Britain is expected to bask in glorious sunshine and warm temperatures through the first half of next week as heat from Europe propels towards the nation. BBC Weather forecaster Sarah Keith-Lucas said temperatures could "possibly" hit 27C on Monday before surging to a high of 29C on Tuesday in southern parts of the country. But she warned a weather system developing over the Atlantic is threatening to impact the UK's forecast after the blistering heat blast.
Hurricane Larry, which is not on track to hit Britain, is expected to strengthen over the Atlantic into a "major hurricane", bringing with it destructive winds of up to 140mph.
Despite it being a long way from the UK, BBC Weather forecaster Ms Keith-Lucas warned it may well have an "indirect influence on our weather".
She said while presenting the BBC Weather forecast for the week ahead: "This system here is Hurricane Larry, which is likely to develop into a major hurricane, heading up into Bermuda into the early part of next week.
"That may well have an indirect influence on our weather.
"As it moves its way northwards in the Atlantic, it may well strengthen the jet stream, strengthening the Azores area of high pressure which in turn, could lead to a cut-off area of low pressure moving more widely across the UK into the following weekend.
"It will bring some uncertainty to the forecast with the influence of that Hurricane Larry from the Atlantic."
It comes as the latest forecast from Netweather for the mid-September also warns of more unsettled conditions as an "east Atlantic trough moves eastwards".
Westerly winds will begin to pick up through large parts of the UK, with "rain belts" likely to move in from the west and east at frequent intervals.
Looking at the week September 13-19, Netweather warned: "The weather is forecast to become somewhat more unsettled during this week as the east Atlantic trough moves eastwards and establishes to the north of Scotland.
"Westerly winds will dominate, particularly in central and southern parts of Britain, with depressions tracking across the north.
"In this type of pattern we tend to see rain belts move from west to east at frequent intervals, with brighter showery weather in between.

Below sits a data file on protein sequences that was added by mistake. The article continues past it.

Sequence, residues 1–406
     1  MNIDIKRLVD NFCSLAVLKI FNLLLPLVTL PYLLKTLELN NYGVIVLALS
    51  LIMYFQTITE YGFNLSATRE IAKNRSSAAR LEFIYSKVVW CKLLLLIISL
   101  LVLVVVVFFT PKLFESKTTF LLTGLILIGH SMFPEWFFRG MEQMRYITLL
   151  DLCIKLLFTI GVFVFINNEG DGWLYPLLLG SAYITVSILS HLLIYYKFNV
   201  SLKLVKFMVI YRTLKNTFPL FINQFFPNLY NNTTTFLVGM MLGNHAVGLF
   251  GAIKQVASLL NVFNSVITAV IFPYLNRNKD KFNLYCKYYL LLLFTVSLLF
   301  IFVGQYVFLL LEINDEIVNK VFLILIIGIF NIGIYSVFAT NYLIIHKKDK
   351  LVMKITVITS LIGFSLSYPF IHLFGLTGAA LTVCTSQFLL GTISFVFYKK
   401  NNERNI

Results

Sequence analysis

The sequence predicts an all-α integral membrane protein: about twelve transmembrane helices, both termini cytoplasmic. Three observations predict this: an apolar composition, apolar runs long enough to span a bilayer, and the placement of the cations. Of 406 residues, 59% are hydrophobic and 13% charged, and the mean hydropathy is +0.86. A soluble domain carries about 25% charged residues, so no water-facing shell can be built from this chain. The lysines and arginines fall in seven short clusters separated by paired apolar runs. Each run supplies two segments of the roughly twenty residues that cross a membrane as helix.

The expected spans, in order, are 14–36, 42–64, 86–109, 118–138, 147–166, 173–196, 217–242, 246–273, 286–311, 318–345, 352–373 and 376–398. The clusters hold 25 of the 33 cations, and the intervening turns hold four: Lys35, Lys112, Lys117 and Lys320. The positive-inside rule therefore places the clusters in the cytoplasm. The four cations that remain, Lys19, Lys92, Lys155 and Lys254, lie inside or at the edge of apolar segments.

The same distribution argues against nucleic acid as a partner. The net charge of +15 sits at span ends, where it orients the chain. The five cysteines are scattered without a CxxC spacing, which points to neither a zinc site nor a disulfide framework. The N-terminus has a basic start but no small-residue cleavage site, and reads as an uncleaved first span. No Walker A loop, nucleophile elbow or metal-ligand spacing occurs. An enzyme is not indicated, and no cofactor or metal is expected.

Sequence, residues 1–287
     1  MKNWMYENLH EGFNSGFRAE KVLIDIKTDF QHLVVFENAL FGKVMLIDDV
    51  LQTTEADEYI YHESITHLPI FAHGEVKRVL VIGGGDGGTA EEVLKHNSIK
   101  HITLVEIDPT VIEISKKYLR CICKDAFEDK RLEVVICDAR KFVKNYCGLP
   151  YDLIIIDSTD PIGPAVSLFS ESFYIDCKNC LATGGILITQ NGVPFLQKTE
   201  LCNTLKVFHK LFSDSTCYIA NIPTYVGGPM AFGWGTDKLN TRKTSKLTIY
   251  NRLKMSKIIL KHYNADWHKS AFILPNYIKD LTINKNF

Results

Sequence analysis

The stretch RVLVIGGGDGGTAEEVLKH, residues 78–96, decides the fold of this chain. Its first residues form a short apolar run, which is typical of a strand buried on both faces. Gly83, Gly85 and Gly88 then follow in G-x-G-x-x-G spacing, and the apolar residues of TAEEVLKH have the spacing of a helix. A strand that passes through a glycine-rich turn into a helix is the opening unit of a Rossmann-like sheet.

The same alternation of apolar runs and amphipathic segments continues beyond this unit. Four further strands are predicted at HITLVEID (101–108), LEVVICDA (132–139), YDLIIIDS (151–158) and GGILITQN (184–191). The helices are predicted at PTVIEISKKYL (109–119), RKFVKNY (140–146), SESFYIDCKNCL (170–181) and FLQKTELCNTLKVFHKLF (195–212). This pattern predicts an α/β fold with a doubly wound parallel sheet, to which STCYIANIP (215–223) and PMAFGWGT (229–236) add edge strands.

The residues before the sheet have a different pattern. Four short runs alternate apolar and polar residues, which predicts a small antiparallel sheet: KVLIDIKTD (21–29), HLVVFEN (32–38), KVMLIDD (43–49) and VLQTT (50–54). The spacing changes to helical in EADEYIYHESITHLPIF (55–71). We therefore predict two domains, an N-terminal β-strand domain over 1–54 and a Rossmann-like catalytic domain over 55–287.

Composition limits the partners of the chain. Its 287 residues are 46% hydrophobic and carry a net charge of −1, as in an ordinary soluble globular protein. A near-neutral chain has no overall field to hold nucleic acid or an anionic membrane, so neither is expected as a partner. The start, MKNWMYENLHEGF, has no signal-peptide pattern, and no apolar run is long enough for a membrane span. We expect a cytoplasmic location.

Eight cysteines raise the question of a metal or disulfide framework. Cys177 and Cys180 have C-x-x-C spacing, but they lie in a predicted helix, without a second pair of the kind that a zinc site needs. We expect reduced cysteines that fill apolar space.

"Temperatures will tend to be above normal early in the week, especially in the east, with a west to south-westerly type often dominant as the trough moves in from the west, but later in the week it may turn cooler than average with frequent north-westerly winds as the trough continues to move east."
Netweather added: "As a result, temperatures are expected to be close to normal overall during this week.
"It will be generally wetter than normal over much of the UK, but with the jet stream running to the south of its usual position, it may end up drier than average in northwest Scotland.
"Sunshine totals are expected to be below normal in most western areas, but above average sunshine is likely in northern and eastern Scotland and north-east England."
For the period September 8-17, the Met Office has also warned showers "could turn heavy or thundery in places with a risk of localised torrential downpours".
Northwestern parts of the UK are likely to feel the full impact of this, with some prolonged and heavier spells of rain possible.
The Met Office said: "The bulk of the UK is likely to turn more unsettled with a likelihood of showers at times, and these could turn heavy or thundery in places with a risk of localised torrential downpours.
"Outside of showers, periods of drier and sunnier weather are still a possibility, and these are most likely to be longest lived across eastern areas.
"For northwestern parts of the UK, alongside these showers, some more prolonged and heavier spells of rain are possible.
"Later in the period into mid-September, confidence is fairly low, but the unsettled theme will probably continue.
"Temperatures are likely to be above average throughout, with some areas perhaps feeling warm or even very warm at first."